Carmichael: It’s pieces, but then it’s also like intention. We did four tapings at The Blue Note. And all four – it could have cut like any combination of different shows. I’d done it sullen. I’ve done it defeated. I’ve done it in the context of it, be it being in the middle of a text war with my mom or like something with my family that like, like the show kind of took on different shapes and forms, depending on mood and intention. I guess it was like acting in a way, but the material was truthful, but it’s still trying to find truth in that same way. It’s like an acting exercise. It is acting. It’s the method acting [but it’s still] a weird, like, I am a performer, performing for you this story. You know? It just so happens the material is my own, you know, but I’m still trying to do a good job as an actor of this material. I don’t know what you call that. But like that was how we worked through it.
Courtesy fo HBO
On Not Working Material Out on the Road
Carmichael: Well, I’m not like other comics in that I don’t really work my material out on the road, to be honest. Chris Rock says that about me. He’s like, “You’re the only comic I’ve seen – everyone else gains it through the road. Like every night being in a new city, experience people in that way it molds you and helps form the perspective and the ability to connect. And I am, I think, far more internal than that. A friend likes to refer to them as, uh, “bedroom faults” but the intention is just a little bit different. And so I’ve always made specials for television when I’m on the road.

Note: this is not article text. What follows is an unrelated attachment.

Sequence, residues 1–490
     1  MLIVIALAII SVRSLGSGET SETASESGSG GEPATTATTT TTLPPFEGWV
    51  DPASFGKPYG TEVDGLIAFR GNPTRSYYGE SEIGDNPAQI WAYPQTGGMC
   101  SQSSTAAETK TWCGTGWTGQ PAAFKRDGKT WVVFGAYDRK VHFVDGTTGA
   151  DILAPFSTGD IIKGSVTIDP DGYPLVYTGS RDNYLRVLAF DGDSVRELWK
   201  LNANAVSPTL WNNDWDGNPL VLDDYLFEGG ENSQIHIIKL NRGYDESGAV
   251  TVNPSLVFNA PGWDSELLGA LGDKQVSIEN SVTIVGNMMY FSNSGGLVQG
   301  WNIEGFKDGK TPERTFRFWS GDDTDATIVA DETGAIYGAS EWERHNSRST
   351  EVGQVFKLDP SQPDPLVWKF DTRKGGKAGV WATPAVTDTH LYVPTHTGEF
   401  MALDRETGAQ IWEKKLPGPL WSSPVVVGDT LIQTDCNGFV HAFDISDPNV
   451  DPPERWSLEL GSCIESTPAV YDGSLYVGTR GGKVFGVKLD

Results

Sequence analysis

And what I’m trying to showcase also is the ability to be honest, you know, within the confines of a show. So the process is a little bit different, I think, then like a lot of standup. I went on the road and obviously it’s important to see how it lands with an audience and to see what’s funny, but it wasn’t shaped in the way of like, oh, “They don’t like this, okay, let me change this or, you know, this could be funnier here.” It was more like, you know, does this information lay out in a way that presents a good show, you know, a good experience for the audience?